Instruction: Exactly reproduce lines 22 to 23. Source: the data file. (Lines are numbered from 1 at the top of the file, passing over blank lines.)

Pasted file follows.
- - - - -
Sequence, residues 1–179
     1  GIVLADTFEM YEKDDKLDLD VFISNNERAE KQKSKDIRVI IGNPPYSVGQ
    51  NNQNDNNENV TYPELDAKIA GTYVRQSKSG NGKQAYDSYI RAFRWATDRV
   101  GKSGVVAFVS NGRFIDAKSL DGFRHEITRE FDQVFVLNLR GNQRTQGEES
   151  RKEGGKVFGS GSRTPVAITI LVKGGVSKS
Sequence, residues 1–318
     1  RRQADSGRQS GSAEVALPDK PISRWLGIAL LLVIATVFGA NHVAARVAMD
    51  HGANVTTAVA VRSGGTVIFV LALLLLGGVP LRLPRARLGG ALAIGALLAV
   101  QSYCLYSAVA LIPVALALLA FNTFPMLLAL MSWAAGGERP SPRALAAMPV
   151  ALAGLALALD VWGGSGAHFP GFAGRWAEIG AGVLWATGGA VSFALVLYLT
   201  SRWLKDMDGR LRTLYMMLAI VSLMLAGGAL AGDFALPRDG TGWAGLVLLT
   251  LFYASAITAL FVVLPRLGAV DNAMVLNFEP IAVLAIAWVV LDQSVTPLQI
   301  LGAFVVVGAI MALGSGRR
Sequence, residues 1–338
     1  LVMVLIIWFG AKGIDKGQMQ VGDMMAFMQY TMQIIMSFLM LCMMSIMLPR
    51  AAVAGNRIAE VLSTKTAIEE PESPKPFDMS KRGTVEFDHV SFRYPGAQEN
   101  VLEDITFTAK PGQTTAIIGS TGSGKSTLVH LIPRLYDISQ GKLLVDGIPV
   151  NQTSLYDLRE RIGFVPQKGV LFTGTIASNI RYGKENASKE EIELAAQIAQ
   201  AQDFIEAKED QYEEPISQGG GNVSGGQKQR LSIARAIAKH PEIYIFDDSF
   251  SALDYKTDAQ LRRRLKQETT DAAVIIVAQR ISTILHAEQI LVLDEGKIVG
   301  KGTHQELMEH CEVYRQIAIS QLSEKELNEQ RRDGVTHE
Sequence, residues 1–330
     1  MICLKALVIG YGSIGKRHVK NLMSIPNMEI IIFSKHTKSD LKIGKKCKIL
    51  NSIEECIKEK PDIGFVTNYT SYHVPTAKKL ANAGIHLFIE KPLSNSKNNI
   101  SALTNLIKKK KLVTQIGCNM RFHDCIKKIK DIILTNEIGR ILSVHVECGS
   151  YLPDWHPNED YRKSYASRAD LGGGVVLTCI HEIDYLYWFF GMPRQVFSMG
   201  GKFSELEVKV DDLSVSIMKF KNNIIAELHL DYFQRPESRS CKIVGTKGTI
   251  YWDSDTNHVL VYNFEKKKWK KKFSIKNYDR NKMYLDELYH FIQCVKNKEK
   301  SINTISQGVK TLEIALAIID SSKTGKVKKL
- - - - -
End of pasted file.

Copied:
Sequence, residues 1–330
     1  MICLKALVIG YGSIGKRHVK NLMSIPNMEI IIFSKHTKSD LKIGKKCKIL